• VAEs maximize the likelihood of historical interactions to learn a posterior distribution over latent factors. For example, Liang et. al3 used VAEs to perform collaborative filtering over implicit feedback, and in ACVAE4 authors augmented a sequential VAE with adversarial training to capture user preferences. Despite outperforming GANs for recommendations, VAEs struggle to balance the tradeoff when a simple encoder fails to capture heterogeneous user preference and a complex one makes the posterior distribution calculation to be intractable.

Apart from the problems mentioned above, both GANs and VAEs suffer from posterior collapse due to information bottleneck, so the hidden representation may not contain information about the user preference. These methods are also prone to mode collapse where they generate only a small set of outputs over multiple iterations. To tackle these challenges, a new paradigm of generative models called diffusion models has been utilized by various researchers recently. These diffusion models overcome the issues of traditional generative models and produce more accurate modeling of the complex user interaction in a denoising manner.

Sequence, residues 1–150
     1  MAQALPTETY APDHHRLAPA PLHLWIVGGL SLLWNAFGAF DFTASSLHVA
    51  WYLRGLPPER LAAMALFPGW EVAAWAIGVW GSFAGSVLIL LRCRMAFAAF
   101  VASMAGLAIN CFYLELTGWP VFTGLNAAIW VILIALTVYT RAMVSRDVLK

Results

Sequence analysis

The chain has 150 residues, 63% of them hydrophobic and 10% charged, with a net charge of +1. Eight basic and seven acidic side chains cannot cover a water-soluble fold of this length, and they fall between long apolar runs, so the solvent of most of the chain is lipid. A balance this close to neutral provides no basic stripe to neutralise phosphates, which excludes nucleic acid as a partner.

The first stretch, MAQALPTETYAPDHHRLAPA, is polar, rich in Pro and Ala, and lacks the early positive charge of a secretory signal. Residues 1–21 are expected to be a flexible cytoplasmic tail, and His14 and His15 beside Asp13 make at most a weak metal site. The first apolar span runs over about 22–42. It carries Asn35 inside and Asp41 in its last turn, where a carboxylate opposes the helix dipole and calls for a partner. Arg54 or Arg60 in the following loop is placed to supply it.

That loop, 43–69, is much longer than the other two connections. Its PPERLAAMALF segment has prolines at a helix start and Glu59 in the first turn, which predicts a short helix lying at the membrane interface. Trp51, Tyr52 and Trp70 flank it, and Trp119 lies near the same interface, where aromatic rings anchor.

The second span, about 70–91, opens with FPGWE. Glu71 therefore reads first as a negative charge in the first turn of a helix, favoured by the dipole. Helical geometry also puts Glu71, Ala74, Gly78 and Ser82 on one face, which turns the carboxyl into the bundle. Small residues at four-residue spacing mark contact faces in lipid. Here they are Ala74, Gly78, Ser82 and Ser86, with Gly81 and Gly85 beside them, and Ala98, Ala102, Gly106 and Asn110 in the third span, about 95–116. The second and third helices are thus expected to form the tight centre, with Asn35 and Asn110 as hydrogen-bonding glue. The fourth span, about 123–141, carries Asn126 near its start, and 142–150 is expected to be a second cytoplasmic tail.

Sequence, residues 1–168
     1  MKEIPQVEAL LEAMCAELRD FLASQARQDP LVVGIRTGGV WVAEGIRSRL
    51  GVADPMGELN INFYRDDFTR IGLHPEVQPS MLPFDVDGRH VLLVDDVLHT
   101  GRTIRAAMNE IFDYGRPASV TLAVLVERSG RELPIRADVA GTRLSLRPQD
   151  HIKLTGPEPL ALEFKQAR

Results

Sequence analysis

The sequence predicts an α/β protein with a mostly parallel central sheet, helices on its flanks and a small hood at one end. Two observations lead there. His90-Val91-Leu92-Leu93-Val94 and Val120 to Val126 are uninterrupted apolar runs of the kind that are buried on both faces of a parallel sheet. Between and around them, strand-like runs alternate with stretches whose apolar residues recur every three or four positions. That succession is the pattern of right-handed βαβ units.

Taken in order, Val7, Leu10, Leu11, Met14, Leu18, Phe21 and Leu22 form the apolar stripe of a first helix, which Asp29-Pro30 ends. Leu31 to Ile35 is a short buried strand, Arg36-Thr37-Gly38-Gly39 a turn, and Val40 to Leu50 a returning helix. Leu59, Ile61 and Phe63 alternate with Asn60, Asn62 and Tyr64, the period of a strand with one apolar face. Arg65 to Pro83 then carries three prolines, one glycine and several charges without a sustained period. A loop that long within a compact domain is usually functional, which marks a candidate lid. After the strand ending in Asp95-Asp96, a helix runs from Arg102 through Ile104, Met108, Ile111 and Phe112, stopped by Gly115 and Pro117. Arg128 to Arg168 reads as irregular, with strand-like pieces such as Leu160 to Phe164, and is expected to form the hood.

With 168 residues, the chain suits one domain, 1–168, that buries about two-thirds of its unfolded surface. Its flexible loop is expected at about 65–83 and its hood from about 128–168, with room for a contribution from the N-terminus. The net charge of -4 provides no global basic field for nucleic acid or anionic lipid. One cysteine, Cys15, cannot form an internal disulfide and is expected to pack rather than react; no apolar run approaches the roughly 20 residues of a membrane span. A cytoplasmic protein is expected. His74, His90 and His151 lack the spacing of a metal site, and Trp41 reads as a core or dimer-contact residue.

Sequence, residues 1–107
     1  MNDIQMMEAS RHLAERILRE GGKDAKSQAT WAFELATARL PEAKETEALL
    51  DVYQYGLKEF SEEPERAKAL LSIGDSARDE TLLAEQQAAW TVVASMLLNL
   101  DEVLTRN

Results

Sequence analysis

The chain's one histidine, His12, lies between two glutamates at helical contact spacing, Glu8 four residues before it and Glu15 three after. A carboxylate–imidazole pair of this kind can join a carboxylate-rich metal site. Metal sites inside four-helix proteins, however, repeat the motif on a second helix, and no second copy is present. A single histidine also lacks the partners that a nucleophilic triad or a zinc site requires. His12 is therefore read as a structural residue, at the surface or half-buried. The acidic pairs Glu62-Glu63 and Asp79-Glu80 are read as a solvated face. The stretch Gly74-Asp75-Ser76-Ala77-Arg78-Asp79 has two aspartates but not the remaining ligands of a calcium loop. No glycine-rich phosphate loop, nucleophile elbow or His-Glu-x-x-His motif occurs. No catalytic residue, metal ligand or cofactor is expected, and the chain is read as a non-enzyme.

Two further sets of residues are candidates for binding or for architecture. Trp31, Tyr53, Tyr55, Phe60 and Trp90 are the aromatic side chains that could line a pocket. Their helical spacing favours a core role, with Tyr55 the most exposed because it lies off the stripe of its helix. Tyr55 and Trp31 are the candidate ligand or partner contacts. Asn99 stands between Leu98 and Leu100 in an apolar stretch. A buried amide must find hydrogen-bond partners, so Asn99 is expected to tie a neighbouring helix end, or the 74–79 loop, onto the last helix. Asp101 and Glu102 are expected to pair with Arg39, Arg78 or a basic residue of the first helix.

The Diffusion Model (DMs) is a new generative AI paradigm that is inspired by nonequilibrium thermodynamics. These models have achieved state-of-the-art results in various fields such as image synthesis, audio generation, etc. Dall-E2 by OpenAI, Imagen by Google, Stable Diffusion by StabilityAI, and Midjourney are some of the most popular diffusion models.

Visual representation of a Variational Diffusion Model

The diffusion process works in the following two steps: